vSphere upgrade process – that seemed easy.

I recently completed a couple of vSphere upgrades for two different clients. One interesting project was from version 4.0 to 5.1 for a large enterprise running an internal facing infrastructure across two sites (active active).

A very nice solution conceptually, with stretched VLANs and vMotion between two physical locations.
Part of my engagement was to advise on scalability – one of my concerns was the vCenter virtual machine running SQL express and as a 32 bit server OS. Not a great foundation for a modern vSphere platform, however as it contains the object hierarchy, a minimal impact migration was a required deliverable with the new vCenter configuration as it was a core toolset for the IT Ops team.

The existing platform was running several hundred VMs across a 8 node cluster, 4 nodes in each site. Both VMware HA, and fully automated DRS was running. The use of RVtools and vCheck aided the current- state analysis and allowed rapid understanding of the platform and configuration.

As part of the planning phase it was determined the downtime or risk periods available would be quite short (risk period being hours, and VM downtime a few minutes) . With the heavily consolidated platform workloads needing addressing within the upgrade window also.

A business requirement stated that the work needed a roll back plan for each phase Although this is assumed 🙂

There are a number of possible approaches to complete this type of upgrade, however the one I used is shown in the high level upgrade plan below,;

Pre- migration work
1. Create a new remote SQL 2008 virtual server
2. Create a new database for vCenter 5.1
3. Create a system DSN ODBC connection to the SQL Server.
4. Install a new vCenter on v 5.1
5. Build a new separate VMware update manager instance and link to new vCenter.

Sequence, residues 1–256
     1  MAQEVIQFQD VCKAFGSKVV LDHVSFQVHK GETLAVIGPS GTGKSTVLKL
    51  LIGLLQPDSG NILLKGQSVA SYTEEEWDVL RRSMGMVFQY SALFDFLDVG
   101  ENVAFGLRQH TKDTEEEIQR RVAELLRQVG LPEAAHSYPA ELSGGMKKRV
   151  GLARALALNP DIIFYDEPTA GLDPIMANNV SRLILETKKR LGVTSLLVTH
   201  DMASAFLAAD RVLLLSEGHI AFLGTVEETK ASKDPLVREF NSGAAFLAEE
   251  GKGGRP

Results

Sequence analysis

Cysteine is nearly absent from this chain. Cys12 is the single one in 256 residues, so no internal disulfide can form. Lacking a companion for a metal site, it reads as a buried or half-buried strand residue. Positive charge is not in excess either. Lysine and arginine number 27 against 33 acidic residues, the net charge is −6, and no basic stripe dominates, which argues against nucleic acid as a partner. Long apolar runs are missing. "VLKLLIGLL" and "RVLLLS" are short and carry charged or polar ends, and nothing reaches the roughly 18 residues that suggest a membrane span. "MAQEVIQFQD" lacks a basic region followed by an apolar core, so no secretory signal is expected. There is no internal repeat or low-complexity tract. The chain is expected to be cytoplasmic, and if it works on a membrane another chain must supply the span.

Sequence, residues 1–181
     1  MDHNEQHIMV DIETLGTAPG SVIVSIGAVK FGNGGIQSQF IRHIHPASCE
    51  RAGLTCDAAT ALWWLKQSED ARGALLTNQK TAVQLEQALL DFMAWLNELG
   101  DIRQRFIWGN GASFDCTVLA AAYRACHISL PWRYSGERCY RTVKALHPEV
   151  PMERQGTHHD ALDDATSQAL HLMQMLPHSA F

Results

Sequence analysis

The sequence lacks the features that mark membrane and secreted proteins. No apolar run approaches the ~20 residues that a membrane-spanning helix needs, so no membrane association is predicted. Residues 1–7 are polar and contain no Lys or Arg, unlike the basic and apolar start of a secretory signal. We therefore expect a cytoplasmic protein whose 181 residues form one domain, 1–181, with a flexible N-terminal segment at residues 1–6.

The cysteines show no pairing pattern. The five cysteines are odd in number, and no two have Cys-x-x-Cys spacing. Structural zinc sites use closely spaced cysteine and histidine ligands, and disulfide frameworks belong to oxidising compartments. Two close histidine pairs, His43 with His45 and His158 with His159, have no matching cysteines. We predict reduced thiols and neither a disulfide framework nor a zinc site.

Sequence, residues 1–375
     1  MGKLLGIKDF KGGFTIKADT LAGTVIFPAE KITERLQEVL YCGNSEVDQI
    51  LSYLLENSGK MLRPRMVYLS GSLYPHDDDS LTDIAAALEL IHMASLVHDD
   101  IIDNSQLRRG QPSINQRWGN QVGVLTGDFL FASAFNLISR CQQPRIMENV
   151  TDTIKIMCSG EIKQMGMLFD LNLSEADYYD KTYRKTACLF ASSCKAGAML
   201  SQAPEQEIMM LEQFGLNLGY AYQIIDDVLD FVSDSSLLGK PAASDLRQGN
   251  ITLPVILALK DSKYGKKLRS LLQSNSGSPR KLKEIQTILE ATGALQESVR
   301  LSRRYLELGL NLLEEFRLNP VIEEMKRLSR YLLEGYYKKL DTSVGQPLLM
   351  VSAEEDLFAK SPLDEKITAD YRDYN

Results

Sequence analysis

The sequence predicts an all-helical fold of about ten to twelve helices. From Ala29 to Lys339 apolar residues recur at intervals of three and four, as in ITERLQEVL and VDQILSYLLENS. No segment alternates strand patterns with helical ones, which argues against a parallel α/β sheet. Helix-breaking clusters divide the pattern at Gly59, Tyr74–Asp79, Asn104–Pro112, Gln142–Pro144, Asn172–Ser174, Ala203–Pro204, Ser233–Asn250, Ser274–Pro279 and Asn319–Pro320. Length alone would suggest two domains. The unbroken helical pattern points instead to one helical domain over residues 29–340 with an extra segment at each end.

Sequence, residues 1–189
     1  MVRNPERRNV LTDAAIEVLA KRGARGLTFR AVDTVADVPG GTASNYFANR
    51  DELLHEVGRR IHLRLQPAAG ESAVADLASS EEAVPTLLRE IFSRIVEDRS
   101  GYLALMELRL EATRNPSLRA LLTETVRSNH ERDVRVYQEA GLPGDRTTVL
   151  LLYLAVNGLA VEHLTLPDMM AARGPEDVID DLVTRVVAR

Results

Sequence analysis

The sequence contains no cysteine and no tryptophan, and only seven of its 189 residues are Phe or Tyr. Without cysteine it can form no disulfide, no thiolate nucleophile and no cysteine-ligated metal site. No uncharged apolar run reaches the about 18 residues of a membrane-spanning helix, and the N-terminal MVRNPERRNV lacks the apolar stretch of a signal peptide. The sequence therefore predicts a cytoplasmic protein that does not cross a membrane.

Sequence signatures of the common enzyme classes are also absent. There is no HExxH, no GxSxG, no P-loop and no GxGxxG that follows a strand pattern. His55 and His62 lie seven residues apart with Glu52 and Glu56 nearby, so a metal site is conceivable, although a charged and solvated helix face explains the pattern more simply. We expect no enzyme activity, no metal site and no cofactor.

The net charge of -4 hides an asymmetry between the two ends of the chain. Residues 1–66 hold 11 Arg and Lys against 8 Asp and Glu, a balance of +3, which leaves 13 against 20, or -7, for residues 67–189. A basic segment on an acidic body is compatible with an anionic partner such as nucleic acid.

6. Clone the existing vCenter running 4.0 for a DR point.
7. Snapshot the vCenter configuration using the inventory snapshot fling
8. Backup a host configuration using vicfg-backup
9. Restore the inventory snapshot configuration using powershell scripts from step 7.
10. Create a static baseline on vSphere update manager
11. Attach the baseline to the cluster
12. Scan the cluster
13. Remediate hosts in the cluster.
14. Upgrade VMware tools using a similar static baseline for VMs.

At this point The system was tested and left for a 24 hour period for VM backups to complete etc. This was a business driven decision , based on a requirement to cover an easy mass roll back plan for VMware hardware compatibility.

VM Migration Work.
14. Upgrade VMware hardware compatibility
15. Upgrade VMFS v3 to v5 using a scratch datastore and storage vMotion.

Overall this approach was clean, and successful. The minor issues I came across were DRS groups and some reservation minimums in the inventory snapshot migration , the settings were not completed carried over. I picked this up in a validation step at implementation time.

Although successful for me, please note that in Inventory snapshot is not a supported tool. I mitigated against this to meet requirements with a clone of the vCenter virtual machine containing the database, and vCenter config and a backup of a host in the cluster using vicfg-backup.

The final steps 14 and 15 were rolled in at a maintenance window and resulted in no issues.

The term upgrade normally causes worry. Ideas of data loss, or corruption.
VMware upgrades when planned can have very little impact to the end user. One of the comments I had from on of the end clients was “That seemed easy”.

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